Technical Solutions for Food Security in Africa
June 23, 2017
The Technical Assistance Facility helps agricultural and food processing businesses to fight food insecurity by improving operations and extending their reach to poor consumers.
According to recent estimates, approximately one person out of four is undernourished in sub-Saharan Africa. There are many factors that cause and alleviate hunger. Agricultural production is a critical piece, but it is only the first link in a value chain that can ultimately lead to well-nourished communities. Strong partnerships between the public and private sectors are essential to building agribusinesses that efficiently and inclusively fight hunger.
Responding to the 2008 food price crisis and declining investment in African agriculture, the fund manager Phatisa teamed up with several European and African development finance institutions to establish the African Agriculture Fund (AAF), a private equity fund investing in the agricultural and food processing sector across the continent.
TechnoServe is supporting companies within the AAF’s portfolio by serving as the implementing partner in the Technical Assistance Facility (TAF). TAF delivers technical assistance to the companies receiving financing to strengthen their operations and support them in implementing new business models that extend their reach to poor consumers.
TAF recently published a report reflecting on its progress providing technical support to African agribusinesses for the past five years. In that period, the initiative has implemented 42 projects, helping 10 companies to bolster their contributions to the fight against food insecurity by increasing economic and physical access to food for low-income Africans.
TAF connected Stella to the feed supply chain of a major egg producer in Zambia. By working directly with the feed supplier, she was able to finance and planted soya for the first time on her small farm, generating a profit of $500.
In Malawi, TAF is working with Meridian – one of the region’s leading fertilizer producers and distributors – to increase farmers’ yields by 20 percent. TechnoServe is also helping Meridian to diversify its product offerings after years of government subsidies have limited the input options available to the smallholder market segment.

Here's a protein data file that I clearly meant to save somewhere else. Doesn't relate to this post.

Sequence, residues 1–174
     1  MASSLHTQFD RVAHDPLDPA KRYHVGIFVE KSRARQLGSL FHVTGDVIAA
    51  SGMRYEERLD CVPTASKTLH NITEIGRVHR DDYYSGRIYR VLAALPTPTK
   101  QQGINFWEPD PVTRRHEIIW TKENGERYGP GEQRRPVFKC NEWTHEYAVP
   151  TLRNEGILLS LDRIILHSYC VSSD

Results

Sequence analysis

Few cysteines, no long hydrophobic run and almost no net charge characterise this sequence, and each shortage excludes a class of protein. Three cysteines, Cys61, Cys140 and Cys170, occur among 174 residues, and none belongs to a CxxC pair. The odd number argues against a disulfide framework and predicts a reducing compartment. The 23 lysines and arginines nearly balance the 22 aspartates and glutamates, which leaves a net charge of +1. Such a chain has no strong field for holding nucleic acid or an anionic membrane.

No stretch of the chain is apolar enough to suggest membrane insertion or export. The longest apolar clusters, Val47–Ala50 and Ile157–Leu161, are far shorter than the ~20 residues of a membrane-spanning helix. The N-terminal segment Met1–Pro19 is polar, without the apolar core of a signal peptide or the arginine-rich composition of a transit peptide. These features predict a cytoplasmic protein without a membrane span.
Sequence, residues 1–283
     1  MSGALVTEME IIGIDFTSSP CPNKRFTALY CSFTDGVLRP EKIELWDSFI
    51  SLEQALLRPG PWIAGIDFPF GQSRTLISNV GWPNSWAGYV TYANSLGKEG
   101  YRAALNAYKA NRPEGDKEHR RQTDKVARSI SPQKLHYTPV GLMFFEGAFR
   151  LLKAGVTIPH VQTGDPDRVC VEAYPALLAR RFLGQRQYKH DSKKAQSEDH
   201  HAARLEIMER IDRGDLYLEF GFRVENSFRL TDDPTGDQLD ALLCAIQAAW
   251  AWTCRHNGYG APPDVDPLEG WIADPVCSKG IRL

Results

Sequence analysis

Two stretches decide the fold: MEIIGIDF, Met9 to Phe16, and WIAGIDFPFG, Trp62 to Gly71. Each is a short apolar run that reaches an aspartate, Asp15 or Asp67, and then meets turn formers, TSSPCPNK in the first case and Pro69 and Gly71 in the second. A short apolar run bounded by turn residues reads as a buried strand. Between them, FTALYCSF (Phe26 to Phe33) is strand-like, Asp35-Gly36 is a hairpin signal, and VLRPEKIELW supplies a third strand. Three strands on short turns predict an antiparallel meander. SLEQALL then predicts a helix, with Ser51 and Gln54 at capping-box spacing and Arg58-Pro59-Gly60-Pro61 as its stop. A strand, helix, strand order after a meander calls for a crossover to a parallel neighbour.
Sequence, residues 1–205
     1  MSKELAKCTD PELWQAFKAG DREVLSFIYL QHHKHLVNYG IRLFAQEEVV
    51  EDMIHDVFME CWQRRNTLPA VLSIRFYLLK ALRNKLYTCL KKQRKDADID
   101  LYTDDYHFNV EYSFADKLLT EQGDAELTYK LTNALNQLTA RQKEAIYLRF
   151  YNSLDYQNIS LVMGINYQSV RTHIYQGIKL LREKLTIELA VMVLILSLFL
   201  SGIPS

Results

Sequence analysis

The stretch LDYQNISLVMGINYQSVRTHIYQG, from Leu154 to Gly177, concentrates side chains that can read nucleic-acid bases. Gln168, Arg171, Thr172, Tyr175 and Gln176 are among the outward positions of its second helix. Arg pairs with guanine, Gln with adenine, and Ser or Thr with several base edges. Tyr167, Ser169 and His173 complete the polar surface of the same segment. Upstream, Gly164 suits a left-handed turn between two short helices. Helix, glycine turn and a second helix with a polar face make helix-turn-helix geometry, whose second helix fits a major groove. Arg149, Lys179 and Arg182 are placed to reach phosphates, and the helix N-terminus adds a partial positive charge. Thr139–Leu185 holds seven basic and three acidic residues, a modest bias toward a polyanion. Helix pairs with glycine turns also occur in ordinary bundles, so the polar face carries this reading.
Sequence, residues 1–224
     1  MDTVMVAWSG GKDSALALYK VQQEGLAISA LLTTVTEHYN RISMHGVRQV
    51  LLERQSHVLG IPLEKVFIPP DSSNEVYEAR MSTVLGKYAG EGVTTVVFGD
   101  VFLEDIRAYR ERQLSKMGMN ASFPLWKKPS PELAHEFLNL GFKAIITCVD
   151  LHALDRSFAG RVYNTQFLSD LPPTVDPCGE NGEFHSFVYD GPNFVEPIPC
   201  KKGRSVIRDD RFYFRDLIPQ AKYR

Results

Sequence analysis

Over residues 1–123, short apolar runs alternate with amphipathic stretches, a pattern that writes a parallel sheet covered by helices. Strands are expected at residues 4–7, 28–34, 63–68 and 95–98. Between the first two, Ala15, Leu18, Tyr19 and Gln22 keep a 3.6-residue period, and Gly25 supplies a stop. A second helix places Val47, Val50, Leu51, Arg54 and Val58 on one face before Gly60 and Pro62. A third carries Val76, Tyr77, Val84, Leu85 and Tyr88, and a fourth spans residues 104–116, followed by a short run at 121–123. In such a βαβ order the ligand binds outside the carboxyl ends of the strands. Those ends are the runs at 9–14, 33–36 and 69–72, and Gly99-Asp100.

The use of correct fertilizer is an important factor in maximizing agricultural productivity. Malawian smallholder farmers have been using a fertilizer formula that was developed 30 years ago, when the priority was to deliver high nutrient fertilizer at the lowest cost possible. While this blend was appropriate at the time, continual use of the same product – one that was not specifically tailored to local soil types – along with a lack of conservation agriculture techniques, has severely depleted soils of critical nutrients. While this issue has been recognized by agronomists, tailored fertilizers for the smallholder market was considered “on the outer edge of commercial viability” for Meridian. TAF, however, could turn the concept of localized soil testing and fertilizer blends for smallholders into reality by de-risking such a project and providing the necessary expertise to make it happen.
With TAF support, Meridian began a pilot of portable soil testing in 2015, using an innovative method called “SoilDoc,” which was developed by Columbia University. SoilDoc allows field workers to conduct laboratory-grade tests without having to send samples to South Africa for analysis, a logistical drain on time and resources. Under the pilot project, the results of the tests are uploaded to a central website, and recommendations are sent back to the field agronomist to enable rapid advice for smallholders on tailored fertilizer and organic inputs. The analysis is less detailed than laboratory-level, but still sufficient to provide important information about minerals and nutrients in the soil.
In total, the project hired 30 agronomists to collect and test over 2,000 soil samples, which allowed them to provide advice on good agricultural practices to 6,000 smallholder farmers.
Meridian and TAF have collaborated to increase the yields of 6,000 smallholder farmers while increasing Meridian’s offerings and sales of tailored fertilizers.
The soil analyses also enabled Meridian to design new fertilizer blends to suit five of the most popular crops (maize, soya, groundnuts, cassava and sweet potato) for use in the soils of Malawi’s Central Region. TAF support will continue to make these products sustainable engines for increased income, both for farmers and Meridian. Given the cash flow difficulties many smallholder farmers face, TAF is looking to facilitate a microfinance scheme so they have a better chance of affording quality inputs.
Together, Meridian and TechnoServe staff are working towards the goal of delivering a holistic package of inputs and sound agronomic advice to farmers, increasing their yields and incomes while driving sales for Meridian, thus ensuring that this triple-win cycle continues after TAF support ends.
Read more about TAF’s work to increase incomes and access to nutritious foods in their report, “Five Years of AAF’s Technical Assistance Facility.”
Related Blog Posts
TechnoServe is working to expand commercial livestock services across Kenya's rangelands and is evaluating which business models can provide sustainable agrovet services to pastoralist communities.
Mom and pop shops are the economic – and often social – backbone of Nairobi, especially in the city’s informal settlements. Store owners like Cosmas are learning simple business fixes that can help their stores, and the communities they serve, to thrive.
In sub-Saharan Africa, TechnoServe is testing sustainable, cost-effective, and measurable innovations for development. A surprising potential win for smallholders: drone technology.